Researcher's Profile

  • Project Lecturer
  • Satori TSUZUKI
  • Mathematical Physics of Emergent Systems
E-mail
tsuzukisatorig.ecc.u-tokyo.ac.jp
URL

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Biography

March 2011 Department of Physics, Tokyo Institute of Technology (BS)
March 2013 Department of Energy Science, Interdisciplinary Graduate School of Science and Engineering, Tokyo Institute of Technology (MS)
April 2014 Research Fellowship for Young Scientists of Japan Society for the Promotion of Science (JSPS DC2)
March 2016 Department of Energy Science, Interdisciplinary Graduate School of Science and Engineering, Tokyo Institute of Technology (Dr.Sci)
April 2016 Postdoctoral Research Fellowship for Young Scientists of Japan Society for the Promotion of Science (JSPS PD)
July 2017 Project Resarch Associate, RCAST, The University of Tokyo (UTokyo)
April 2020 JSPS Postdoctoral Fellowship for Research Abroad
April 2021 Project Lecturer, RCAST, UTokyo

Research Interests

Do you understand the field of "computational science?" If an applied mathematician says, "Similar relationships can be observed in various nonlinear physical phenomena, and some of them can be described by partial differential equation (PDE)," I am sure you would agree that it is reasonable. Basically, computational scientists are similar to applied mathematicians; however, computational scientists also investigate how to embody the mathematical relationship (reformulating them into discretized forms) to enable computers to reproduce the target phenomena. Some computational scientists abstract and simulate only critical factors from physical or social systems. In other cases, the dynamics of atoms and molecules comprising a system are accurately reproduced and directly calculated on parallel-computing platforms such as supercomputers. In this way, computational scientists pursue scientific truth and propose solutions for social problems by finding and modeling the governing laws of a system, developing mathematical and computational algorithms, and maximizing the use of high-quality visualization technology, data science, and mathematical analysis. My research interest spans a wide range of areas pertaining to computational science involving PDEs. In particular, I specialize in the development and application of particle methods such as smoothed particle hydrodynamics (SPH).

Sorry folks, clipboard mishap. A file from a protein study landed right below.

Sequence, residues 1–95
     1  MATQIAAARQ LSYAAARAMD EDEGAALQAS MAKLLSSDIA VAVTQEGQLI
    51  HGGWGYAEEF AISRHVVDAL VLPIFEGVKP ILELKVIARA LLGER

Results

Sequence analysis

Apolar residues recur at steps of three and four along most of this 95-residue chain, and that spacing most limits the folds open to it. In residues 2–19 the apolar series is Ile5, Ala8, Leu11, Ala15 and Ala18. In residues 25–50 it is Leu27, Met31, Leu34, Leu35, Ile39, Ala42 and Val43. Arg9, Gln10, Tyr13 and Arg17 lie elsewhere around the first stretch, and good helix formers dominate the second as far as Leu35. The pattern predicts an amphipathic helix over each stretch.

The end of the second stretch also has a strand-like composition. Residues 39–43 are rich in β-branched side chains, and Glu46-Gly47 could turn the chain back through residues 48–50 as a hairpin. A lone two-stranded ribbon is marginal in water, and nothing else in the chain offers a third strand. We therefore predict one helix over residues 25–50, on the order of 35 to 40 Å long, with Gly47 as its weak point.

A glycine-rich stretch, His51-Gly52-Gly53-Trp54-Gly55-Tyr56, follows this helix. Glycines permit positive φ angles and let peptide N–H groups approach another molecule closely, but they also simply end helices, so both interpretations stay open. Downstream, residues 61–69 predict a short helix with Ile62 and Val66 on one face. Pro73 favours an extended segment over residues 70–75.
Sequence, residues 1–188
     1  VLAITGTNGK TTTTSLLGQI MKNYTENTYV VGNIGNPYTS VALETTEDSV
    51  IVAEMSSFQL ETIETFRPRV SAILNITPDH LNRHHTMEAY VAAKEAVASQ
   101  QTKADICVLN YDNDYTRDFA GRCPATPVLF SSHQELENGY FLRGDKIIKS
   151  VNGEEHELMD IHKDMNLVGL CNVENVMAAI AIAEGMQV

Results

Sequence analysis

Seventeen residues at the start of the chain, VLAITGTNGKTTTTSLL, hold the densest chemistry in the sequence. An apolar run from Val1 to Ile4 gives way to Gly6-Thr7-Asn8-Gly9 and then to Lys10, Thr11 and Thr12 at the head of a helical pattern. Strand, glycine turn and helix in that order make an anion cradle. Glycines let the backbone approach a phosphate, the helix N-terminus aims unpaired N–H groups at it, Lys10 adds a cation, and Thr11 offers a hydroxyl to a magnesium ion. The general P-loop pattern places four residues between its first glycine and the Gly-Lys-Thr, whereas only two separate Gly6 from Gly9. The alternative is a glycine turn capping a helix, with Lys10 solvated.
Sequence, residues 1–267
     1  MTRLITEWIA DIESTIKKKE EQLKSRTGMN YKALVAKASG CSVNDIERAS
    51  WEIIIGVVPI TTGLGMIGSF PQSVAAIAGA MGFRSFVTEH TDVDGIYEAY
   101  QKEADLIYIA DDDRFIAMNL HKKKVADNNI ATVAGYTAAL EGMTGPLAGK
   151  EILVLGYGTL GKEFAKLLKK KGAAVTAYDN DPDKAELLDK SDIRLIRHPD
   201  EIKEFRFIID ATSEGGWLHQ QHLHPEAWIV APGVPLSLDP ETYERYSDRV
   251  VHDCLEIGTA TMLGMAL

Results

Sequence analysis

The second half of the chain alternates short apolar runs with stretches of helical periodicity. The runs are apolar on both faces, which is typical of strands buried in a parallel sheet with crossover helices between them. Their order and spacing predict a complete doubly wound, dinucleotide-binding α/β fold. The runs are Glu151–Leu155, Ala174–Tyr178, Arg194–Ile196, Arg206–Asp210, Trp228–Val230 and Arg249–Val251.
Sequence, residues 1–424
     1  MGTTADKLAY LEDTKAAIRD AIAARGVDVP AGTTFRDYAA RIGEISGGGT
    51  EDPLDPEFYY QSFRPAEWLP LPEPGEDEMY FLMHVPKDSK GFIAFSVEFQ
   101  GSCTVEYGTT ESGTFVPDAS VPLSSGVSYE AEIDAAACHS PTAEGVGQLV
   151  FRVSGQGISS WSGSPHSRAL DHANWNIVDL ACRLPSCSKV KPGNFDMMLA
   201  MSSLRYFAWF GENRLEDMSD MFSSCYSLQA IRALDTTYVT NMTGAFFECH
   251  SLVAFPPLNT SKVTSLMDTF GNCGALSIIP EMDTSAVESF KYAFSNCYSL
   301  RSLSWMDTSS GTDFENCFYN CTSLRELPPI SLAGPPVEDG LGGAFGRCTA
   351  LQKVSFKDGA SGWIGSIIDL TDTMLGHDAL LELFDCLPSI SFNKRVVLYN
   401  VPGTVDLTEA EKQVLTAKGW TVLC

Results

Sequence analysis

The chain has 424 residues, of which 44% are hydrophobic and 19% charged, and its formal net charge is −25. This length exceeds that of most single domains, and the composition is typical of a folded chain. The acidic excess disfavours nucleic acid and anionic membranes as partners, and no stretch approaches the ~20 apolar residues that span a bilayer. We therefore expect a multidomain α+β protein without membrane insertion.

Computational science, which is considered to overlap the fields of mathematics, science and engineering, and computer science, can solve problems in various fields. I will contribute to society by performing fundamental and interdisciplinary research, aiming to create "intellectual excitement" for a new era.

Award

  • June 2017 "MSC Special Award," of the Graphics Awards at the 22th JSCES annual conference
  • June 2017 “First Place,” of the Graphics Awards at the 22th JSCES annual conference
  • March 2016 “Best Student Paper Award,” at the International Conference Violent Flows 2016
  • June 2015 “Visual Computing Award,” of the Graphics Awards at the 20th JSCES annual conference
  • March 2015 “Best Paper Award,” HPCS IEEE Computer Society Japan Chapter
  • March 2015 IEEE Computer Society Japan Chapter Young Researcher Award
  • December 2014 “Grand Prize,” of the Best CFD Graphics Award at the 28th CFD Symposium (animation section)
  • June 2014 “Best Performance Award,” of the Graphics Awards at the 22th JSCES annual conference
  • May 2014 JSME Fellow Award for Outstanding Young Engineers
  • October 2012 IPSJ Computer Science Research Award for Young Scientists

Keywords

Computational sciences, computational fluid dynamics, mathematical physics, large-scale particle simulations

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